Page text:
Hiking Glacier National Park
The Iceberg Lake Trail

Mt. Gould in Glacier Park

The Iceberg Lake Trail

Photo Use Guidelines

The Iceberg Lake Trail, as mentioned, begins in the Many Glacier Valley of Glacier National Park. The Many Glacier Valley is located on the east side of the Continental Divide, to the north of St. Mary. As this area is located on the east side, this part of the park can get very windy at times. It is not uncommon at all to have to fight 40 mile per hour sustained winds at the base of the mountains, only to find the wind totally disappear as the hiker nears the Continental Divide.

Reaching the trailhead of the Iceberg Lake Trail is easy - just follow the Many Glacier Road (the only road that accesses this part of the park), all the way to its end. From there, the Iceberg Lake Trail makes its only true “climb” of the entire hike – a short 200 yard moderately steep hike. Once you’ve made it up this short little climb, take heart, as you’ve just put the hardest and steepest part of the hike behind you!

Photo Use Guidelines

Once on top of this little climb, the Iceberg Lake Trail runs through open terrain, above Wilbur Creek and the forests that surround it. As such, you get tremendous views on this lower section of the trail. Mt. Wilbur rises directly in front of you, while the Ptarmigan Wall makes its way down the entire western horizon. Mt. Henkel and Atlyn Peak are also an ever present sight, as it dominates over the hiker – rising directly above the trail.

After about a mile and a half, the trail begins to enter some scattered forests, although the view is in no way blocked. Soon there-after, the hiker arrives at a bridge that crosses Ptarmigan Creek. This is a nice little creek that runs all year long, fed as it is by Ptarmigan Lake. The creek marks the halfway point up to Iceberg Lake. And, as such, it is both a popular rest stop as well as being a convenient place to fill up any empty canteens or hydration systems that are running low on water.

Just beyond the Ptarmigan Creek crossing, the Iceberg Lake Trail meets up with the Ptarmigan Tunnel Trail. This trail leads, rather steeply, up to beautiful Ptarmigan Lake and beyond, including the unique Ptarmigan Tunnel.

Photo Use Guidelines

Beyond the junction with the Ptarmigan Tunnel Trail, the Iceberg Lake Trail continues very gradually increasing in elevation, makings its way through scattered forests that frequently open up to provide for some spectacular views.

The Iceberg Lake Trail continues through scattered forest terrain, very gradually increasing in elevation, for about another half mile. Then it emerges into the open, wind swept terrain, directly below the Ptarmigan Wall- which towers far above. The cliffs of the Ptarmigan Wall in this section are about 2500-3000 feet above the trail – making the hiker feel rather “insignificant.”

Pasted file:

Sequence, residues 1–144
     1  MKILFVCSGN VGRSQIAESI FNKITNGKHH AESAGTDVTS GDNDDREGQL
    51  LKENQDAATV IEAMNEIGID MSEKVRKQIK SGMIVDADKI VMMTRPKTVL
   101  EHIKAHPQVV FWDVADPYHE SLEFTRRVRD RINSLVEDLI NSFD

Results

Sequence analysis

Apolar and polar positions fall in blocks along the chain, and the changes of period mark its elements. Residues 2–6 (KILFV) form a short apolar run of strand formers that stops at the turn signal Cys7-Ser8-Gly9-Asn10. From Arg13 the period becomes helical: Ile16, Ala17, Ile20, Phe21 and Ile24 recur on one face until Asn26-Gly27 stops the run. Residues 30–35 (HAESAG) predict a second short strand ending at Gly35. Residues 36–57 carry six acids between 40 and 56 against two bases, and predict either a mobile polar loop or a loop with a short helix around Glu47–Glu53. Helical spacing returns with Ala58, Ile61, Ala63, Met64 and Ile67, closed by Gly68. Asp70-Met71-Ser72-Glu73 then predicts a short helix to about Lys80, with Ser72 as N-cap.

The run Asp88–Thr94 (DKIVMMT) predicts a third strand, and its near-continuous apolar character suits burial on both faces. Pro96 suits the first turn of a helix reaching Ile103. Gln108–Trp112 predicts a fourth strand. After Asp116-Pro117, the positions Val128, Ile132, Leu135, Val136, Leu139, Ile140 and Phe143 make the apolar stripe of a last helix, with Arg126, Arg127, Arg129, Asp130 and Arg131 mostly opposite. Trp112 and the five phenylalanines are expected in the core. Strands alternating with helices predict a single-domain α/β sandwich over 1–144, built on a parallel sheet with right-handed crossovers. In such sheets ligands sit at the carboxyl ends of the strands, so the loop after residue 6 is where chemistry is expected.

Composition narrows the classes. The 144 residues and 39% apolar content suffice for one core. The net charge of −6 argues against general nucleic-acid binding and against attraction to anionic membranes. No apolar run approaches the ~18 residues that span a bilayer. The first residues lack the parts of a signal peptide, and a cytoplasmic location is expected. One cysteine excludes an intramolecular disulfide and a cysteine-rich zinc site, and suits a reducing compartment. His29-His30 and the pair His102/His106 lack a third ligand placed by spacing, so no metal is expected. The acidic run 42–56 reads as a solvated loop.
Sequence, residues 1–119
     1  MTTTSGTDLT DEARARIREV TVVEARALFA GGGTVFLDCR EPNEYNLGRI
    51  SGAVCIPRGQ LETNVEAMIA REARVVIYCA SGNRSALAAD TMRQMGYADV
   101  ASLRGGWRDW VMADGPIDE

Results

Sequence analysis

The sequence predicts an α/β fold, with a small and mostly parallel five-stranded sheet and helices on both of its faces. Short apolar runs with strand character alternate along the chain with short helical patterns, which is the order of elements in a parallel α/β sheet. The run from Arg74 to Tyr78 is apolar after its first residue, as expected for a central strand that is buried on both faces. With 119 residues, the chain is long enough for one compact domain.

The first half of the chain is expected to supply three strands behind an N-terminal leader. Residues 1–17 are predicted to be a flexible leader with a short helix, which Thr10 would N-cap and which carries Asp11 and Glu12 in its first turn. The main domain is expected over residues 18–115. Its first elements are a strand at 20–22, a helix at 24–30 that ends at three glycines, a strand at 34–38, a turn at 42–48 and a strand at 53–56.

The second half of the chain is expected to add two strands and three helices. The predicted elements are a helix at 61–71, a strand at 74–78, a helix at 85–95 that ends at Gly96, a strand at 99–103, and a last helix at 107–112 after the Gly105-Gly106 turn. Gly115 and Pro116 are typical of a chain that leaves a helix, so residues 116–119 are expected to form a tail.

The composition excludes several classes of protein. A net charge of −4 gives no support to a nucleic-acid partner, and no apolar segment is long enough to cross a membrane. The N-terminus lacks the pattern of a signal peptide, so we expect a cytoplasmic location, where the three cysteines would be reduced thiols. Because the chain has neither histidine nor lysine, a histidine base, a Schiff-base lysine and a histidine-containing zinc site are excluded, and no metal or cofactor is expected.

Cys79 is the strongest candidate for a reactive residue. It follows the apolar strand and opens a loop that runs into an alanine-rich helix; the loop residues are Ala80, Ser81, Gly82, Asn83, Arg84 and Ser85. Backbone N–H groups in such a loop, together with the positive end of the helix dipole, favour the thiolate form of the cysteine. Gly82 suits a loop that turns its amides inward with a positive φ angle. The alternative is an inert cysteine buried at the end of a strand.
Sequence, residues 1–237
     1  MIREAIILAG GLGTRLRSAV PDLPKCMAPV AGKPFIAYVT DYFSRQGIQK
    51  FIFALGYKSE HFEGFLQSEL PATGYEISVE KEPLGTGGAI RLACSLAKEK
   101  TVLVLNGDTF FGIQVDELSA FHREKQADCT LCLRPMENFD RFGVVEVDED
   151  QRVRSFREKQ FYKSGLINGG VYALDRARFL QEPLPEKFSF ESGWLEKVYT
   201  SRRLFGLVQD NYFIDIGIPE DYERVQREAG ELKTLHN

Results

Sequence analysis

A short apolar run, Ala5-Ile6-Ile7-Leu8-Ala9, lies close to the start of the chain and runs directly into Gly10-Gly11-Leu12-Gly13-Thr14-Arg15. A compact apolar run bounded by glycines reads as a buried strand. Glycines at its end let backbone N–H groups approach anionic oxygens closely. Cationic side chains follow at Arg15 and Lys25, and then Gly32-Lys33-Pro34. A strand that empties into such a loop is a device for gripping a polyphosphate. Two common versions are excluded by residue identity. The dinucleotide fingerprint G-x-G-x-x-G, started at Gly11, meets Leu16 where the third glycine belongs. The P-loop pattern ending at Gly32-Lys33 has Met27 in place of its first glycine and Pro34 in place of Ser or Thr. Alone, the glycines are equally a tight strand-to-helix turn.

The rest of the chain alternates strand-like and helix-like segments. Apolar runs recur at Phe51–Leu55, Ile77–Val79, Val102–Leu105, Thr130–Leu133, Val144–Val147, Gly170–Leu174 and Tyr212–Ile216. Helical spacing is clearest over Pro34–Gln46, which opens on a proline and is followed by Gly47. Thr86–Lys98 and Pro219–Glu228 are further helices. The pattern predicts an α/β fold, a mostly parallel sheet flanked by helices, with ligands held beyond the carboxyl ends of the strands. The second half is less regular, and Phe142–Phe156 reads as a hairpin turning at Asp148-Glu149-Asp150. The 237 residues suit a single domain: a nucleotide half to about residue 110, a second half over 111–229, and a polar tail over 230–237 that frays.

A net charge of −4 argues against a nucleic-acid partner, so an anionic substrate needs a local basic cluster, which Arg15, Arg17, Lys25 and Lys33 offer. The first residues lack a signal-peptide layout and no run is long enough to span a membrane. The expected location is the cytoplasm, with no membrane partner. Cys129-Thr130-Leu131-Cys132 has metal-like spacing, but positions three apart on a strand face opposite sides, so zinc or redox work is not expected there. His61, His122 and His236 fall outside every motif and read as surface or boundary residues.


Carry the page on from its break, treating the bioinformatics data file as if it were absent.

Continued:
The trail continues to very gradually increase in elevation as it makes its way towards the lake and far below the summit of the Ptarmigan Wall. The views in this section of the trail are, quite simply, incredible. You can look to the east and see both the route you took to get up here and the whole Many Glacier Area. The Ptarmigan Wall rises directly above you, while Mt. Wilbur and Iceberg Peak lie directly in front of you – completely dominating the skyline. Also, this part of the Iceberg Lake Trail is an excellent place to view bighorn sheep.

After running for about two miles through this open terrain, the Iceberg Lake Trail at last begins to approach Iceberg Lake, with a very short, moderately steep ascent required to reach the highest elevation point on the hike. From here, it is just a simple and short walk down to the shores of the lake itself. The cliffs that flank Iceberg Lake are more than 3000 vertical feet in height – keeping the basin in shadows for virtually all of the year.


Overall, the Iceberg Lake Trail is a “must do” hike for anyone who wants to truly see the interior of Glacier National Park but doesn’t want to carry a heavy pack out on a multiple night backpack. The views provided by the Iceberg Lake Trail are nearly unrivaled in Glacier. Couple the awesome views with the excellent wildlife viewing possibilities available from the trail and you have the makings of a “perfect hike.”

Also View the Iceberg Lake Trail Photo Gallery

Hiking Gear & Equipment Guide for Glacier National Park

Hiking Boots : Buyers guide to getting the right boot for hiking
Hiking Socks : Guide to getting the right sock for hiking
Trekking Poles : Why you should use one when hiking

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